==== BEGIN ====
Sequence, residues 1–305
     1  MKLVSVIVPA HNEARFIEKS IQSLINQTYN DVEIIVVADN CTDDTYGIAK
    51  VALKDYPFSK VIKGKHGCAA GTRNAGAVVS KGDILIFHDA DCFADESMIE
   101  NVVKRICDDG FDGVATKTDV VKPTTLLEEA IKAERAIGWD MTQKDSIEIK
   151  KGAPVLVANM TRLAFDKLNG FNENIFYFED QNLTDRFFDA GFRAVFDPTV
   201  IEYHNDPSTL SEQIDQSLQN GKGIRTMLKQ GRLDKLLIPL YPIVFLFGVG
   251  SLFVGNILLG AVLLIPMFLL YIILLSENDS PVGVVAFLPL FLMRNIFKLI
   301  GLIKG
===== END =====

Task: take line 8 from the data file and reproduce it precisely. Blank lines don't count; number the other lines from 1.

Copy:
   301  GLIKG